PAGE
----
Breast cancer is the most common cancer affecting women in South Africa, in fact, 1 in 28 women will develop it, but still, some people don’t know the signs to look for or even how to check their own breasts. And, that’s a problem!
“Breast cancer doesn’t discriminate – it affects all ages, races and it doesn’t care if you are rich or poor,” says Strawberry Lips marketing manager, Vanessa Nel.
Not going to lie, we understand it can be awkward to just put your hand in your bra and squeeze. Especially if you don’t know what you are doing. But, the Strawberry Lips #YouChoose how-to guide is here to show you what to do. All you need are your hands, a mirror and a few spare moments.
WHAT TO LOOK OUT FOR:
- a lump that wasn’t there before
- an area of thickened skin
- a change in the shape or size of one or both boobs
- a discharge from your nipple
- a lump or swelling in your armpits
- a change in the look or feel of your skin (puckering or dimpling, a rash or redness)
- an eczema-like redness, crusting, scaly or itchy skin or redness on or around your nipple
- a change in the appearance of your nipple
LET’S GET STARTED:
You should be checking your breasts around the same time every month, just after your period. When you start doing this regularly enough, you’ll get to know your boobs pretty well and you’ll be able to pick up quickly when something is amiss. So, close the blinds, lock the door, put your phone on silent and let’s get to it.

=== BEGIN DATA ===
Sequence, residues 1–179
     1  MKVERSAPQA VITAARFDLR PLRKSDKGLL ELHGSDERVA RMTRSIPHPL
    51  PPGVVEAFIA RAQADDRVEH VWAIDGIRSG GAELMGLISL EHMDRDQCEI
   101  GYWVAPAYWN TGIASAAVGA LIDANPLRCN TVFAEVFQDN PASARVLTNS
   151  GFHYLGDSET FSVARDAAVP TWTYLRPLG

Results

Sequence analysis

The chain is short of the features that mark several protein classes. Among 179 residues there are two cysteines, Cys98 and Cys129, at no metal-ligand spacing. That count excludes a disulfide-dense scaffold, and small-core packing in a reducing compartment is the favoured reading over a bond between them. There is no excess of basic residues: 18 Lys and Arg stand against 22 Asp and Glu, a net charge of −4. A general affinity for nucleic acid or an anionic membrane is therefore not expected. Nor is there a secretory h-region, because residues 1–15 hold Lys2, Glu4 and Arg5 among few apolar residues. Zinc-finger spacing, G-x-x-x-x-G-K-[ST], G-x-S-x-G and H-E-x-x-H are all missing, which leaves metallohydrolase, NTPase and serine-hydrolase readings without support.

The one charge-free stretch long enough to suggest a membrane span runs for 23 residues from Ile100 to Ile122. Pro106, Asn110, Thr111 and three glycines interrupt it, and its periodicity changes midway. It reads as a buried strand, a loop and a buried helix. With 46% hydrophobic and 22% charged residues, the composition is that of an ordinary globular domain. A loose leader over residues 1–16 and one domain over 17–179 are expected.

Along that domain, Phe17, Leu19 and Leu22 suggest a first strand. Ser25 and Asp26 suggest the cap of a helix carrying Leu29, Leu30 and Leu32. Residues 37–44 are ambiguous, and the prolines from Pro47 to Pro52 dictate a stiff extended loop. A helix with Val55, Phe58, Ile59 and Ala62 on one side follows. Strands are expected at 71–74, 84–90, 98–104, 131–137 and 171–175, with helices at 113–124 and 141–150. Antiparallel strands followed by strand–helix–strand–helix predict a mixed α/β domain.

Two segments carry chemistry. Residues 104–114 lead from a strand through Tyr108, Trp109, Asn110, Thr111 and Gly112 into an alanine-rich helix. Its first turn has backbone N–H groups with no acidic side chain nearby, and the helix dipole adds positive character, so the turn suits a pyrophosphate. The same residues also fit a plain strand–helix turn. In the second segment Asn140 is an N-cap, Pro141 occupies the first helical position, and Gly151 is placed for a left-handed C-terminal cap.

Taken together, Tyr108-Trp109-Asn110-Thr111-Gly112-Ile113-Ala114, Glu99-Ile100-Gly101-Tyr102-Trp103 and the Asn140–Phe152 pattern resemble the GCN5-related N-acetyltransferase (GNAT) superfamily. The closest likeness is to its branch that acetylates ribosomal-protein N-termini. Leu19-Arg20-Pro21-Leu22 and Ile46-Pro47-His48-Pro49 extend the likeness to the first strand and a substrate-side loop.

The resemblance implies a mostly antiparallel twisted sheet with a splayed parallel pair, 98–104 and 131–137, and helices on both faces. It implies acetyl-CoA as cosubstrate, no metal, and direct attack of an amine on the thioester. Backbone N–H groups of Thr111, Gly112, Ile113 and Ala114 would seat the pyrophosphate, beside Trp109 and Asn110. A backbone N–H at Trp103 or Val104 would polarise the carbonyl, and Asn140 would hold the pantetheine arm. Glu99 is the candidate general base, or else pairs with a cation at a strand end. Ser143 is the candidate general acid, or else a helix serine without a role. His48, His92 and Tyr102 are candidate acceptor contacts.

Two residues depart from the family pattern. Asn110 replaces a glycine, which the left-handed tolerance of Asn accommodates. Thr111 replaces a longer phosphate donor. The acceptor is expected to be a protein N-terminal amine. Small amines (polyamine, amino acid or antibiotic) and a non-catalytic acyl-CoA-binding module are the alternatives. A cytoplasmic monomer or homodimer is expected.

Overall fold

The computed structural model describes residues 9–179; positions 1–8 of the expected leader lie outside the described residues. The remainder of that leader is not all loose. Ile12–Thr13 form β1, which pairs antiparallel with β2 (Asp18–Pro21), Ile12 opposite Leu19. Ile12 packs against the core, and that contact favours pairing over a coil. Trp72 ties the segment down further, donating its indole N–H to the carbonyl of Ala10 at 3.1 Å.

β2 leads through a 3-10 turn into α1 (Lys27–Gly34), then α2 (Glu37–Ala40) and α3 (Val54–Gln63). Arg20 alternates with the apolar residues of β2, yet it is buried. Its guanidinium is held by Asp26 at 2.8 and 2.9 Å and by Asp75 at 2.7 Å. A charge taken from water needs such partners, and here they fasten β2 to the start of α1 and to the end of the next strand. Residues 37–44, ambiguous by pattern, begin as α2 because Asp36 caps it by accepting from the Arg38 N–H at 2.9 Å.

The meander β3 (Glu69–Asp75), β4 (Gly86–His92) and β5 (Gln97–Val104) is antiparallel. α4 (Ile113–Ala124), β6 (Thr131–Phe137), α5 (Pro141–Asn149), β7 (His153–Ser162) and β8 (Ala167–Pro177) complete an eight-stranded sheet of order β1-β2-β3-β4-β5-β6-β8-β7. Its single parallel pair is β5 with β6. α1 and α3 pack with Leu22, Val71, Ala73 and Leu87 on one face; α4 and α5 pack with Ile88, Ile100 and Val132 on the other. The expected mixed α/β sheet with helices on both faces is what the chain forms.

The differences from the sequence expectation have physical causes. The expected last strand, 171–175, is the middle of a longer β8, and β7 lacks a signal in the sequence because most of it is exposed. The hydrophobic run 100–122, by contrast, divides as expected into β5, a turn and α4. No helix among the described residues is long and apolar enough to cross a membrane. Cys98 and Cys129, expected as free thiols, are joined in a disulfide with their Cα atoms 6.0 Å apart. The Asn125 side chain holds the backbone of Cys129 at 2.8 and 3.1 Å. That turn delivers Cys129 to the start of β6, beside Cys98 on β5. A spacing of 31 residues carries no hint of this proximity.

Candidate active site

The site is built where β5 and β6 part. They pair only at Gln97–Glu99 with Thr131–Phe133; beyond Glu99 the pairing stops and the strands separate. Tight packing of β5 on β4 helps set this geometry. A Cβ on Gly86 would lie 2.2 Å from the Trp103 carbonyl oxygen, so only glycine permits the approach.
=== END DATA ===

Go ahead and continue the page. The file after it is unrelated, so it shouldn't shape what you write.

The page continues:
Stand in front of a mirror and look at your boobs and underneath your armpits for any changes to their appearance. Keep your eyes peeled for anything that you think is different. Is there a rash you didn’t notice before? Does your one boob suddenly look bigger than usual? Don’t be afraid to get up close for a proper look – your body is yours, and no one else is going to do it for you. Once you are satisfied you have looked in every nook and cranny, you can move on to step two …
Using the flat part of your fingers, move them around in a gentle circular motion. Feel across your breasts, nipples, under your armpits, right up to your collarbone. You are feeling for any lumps – these can feel quite rounded, soft, and tender
Let’s say you’ve found something, now what? First, don’t panic. There’s plenty it could be that isn’t cancerous. But, don’t ignore it. Call your doctor up and book an appointment or head to your nearest public hospital breast clinic, CANSA Care Centre or Clicks to get tested for breast cancer.
“As scary as a cancer diagnosis is, the good news is that through early detection more patients survive and beat cancer,’ explains Vannesa. “The importance of early and accurate detection just can’t be over-emphasised enough.”
Anybody can be affected by breast cancer: your gran, ma, aunt, sista, bestie… So spread the love, by sharing what you know about breast cancer. Because keeping your loved ones protected issa vibe!